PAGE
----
June and Early July 1916 - Two Neston Deaths in the Somme Battles
|Author: Susan Chambers||Published: 4th July 2016 09:37|
Susan Chambers, local historian and co-editor of nestonpast.com, brings us another fascinating snapshot of life in Neston during the Great War.
Cold northerly winds were a feature of the weather in June, and on the 18th a fierce gale with a high tide wrecked some of Mostyn House's rowing boats, and a canoe; much of the day after was spent in searching for the wreckage, and a Hoylake boat-builder was given the job of repairing them.
The enterprising A.G.Grenfell was still pursuing his ideas for launching boats from Parkgate as the gutter was (temporarily) filling up and moving nearer to the wall, and promising to provide improved facilities. He managed to persuade the council to allow him to remove the remains of the old landing stage, (to the annoyance of some residents) on the grounds that they were a hazard for fishing boats. The only cricket matches the school could manage this summer were with wounded soldiers from the Parkgate Hospital.
Happier days in Little Neston, the football team 1911-1912 in front of Little Neston Institute by the Green. See http://www.nestonpast.com/neston-football-the-early-years/
Private John Maylor whose family lived in Victoria Road, Little Neston had been in the (Wirral) 13th Battalion of the Cheshires since soon after the start of the war, and was writing home in mid-June with news of his brother Tom, former bricklayer who had joined up on the same day. The brothers were probably amongst the men on the platform at Neston Station on September 7th 1914. The Neston ‘contingent' of the new battalion, formed mainly from Port Sunlight men, was setting off to Chester Castle (see AMA of that week 2014). John revealed in his letter home that Tom was in hospital having had a foot amputated. But "We are all sticking it like the true Britisher" said John.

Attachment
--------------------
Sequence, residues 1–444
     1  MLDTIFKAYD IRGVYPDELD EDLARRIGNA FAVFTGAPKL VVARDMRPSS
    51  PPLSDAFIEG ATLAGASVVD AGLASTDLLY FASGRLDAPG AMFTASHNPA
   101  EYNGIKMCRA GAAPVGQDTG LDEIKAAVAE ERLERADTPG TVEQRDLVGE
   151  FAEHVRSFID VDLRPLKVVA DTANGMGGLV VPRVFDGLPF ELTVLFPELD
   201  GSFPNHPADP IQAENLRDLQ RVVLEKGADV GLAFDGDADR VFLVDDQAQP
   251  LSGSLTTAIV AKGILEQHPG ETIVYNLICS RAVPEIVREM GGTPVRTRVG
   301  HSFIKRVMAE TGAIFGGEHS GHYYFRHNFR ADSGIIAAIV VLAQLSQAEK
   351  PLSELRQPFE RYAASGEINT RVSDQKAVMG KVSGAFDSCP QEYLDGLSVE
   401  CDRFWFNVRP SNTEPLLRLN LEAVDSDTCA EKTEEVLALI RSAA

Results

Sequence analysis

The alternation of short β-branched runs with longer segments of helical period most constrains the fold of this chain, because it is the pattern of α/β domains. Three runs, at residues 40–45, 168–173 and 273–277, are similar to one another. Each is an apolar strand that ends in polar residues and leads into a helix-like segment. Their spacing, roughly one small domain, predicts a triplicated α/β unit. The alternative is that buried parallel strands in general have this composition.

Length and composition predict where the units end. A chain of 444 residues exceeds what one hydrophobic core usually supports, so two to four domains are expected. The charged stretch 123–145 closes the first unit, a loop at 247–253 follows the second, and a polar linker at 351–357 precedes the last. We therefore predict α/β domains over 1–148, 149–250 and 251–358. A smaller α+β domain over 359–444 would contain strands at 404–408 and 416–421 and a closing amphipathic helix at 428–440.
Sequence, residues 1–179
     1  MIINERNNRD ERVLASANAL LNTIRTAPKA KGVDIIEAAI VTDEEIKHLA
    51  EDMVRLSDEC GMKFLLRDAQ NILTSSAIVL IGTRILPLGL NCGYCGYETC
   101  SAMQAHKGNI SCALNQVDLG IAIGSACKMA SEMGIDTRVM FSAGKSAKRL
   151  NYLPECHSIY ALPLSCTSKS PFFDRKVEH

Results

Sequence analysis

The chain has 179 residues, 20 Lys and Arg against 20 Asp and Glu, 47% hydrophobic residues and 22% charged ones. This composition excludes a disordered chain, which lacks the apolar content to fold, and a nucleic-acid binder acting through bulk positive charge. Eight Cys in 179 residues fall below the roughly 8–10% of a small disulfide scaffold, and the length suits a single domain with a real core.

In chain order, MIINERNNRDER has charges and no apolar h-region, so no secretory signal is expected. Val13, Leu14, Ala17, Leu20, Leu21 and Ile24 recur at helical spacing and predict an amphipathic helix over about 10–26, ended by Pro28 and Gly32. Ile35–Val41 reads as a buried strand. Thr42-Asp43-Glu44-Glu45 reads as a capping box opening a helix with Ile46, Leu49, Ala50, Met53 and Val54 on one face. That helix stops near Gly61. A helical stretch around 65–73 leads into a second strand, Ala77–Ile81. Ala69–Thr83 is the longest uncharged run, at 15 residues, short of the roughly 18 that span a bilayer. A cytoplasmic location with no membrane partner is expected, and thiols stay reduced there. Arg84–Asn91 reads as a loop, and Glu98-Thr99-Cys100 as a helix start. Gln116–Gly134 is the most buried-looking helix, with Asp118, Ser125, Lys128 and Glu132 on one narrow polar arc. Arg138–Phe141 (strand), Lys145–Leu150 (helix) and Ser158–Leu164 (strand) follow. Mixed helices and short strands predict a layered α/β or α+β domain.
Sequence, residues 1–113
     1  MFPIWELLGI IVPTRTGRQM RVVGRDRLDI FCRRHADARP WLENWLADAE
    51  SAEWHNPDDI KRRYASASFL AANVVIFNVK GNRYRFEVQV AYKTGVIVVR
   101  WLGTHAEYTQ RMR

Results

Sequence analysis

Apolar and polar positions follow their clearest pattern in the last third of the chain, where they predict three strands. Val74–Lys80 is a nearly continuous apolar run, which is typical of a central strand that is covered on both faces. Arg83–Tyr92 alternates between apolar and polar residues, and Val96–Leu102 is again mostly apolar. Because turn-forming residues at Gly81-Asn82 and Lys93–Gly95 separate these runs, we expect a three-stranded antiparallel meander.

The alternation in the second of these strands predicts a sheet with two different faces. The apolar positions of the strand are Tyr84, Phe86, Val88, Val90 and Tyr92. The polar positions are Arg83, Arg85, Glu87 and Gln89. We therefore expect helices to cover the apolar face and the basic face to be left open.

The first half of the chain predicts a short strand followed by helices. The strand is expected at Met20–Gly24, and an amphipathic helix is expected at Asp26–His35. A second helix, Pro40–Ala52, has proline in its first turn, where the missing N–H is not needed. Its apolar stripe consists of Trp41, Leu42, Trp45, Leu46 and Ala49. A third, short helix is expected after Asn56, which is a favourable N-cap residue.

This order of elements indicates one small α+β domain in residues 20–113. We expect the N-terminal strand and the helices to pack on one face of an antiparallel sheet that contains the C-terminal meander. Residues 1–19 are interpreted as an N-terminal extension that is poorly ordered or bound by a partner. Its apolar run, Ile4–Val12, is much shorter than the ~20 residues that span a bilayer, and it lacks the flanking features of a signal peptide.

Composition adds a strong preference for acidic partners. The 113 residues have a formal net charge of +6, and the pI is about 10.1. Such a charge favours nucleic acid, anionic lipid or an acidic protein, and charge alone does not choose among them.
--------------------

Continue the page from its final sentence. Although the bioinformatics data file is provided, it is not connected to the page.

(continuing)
Ted Swift of the Royal Engineers, son of Swifts the butchers at the Cross had also written home with an account of the annoyance of living with noisy bursting German shells for days on end, but he was still in good health, no thanks to Fritz. Ted had been delighted to meet an old Nestonian, George Hunter, in a batch of reinforcements.
It's probable that no local men were lost in the grim opening day of the Battle of the Somme on 1st July. But on 5th July, Fred Gordon Jones formerly of Olive Road, 7th Battalion South Lancs Regiment, was killed by a sniper in the Battle of Albert, in the opening phase of the many months of the Somme battles. Like many other Neston men he had been in the employment of William Fleming and Co, the building company.
A member of the ‘Wirral' Battalion who had probably joined at the same time as the Maylor brothers (above) was killed on the Somme on 7th July. This was William Wallace of Raby Road, one of a large family of ten children. The notorious heavy rains had now started in the field of battle, which eventually added to the horror of this spell of the war.
The Wirral Tribunals were sitting regularly to hear the many pressing reasons that made going to war a difficult proposition for many men; a 33 year-old Neston baker and corn-dealer reckoned he would be of more use to the country in his present occupation than if he went into the army. He was given a temporary exemption but advised to make arrangements for his business. An electrical engineer from Thornton Hough was in charge of an electrical plant that supplied light to a house, farm buildings and the church. The nearest fire station was a good distance away, and the resulting fire risk in case of fusing meant that the house would have to be closed if the engineer was called-up; he too was given a temporary exemption.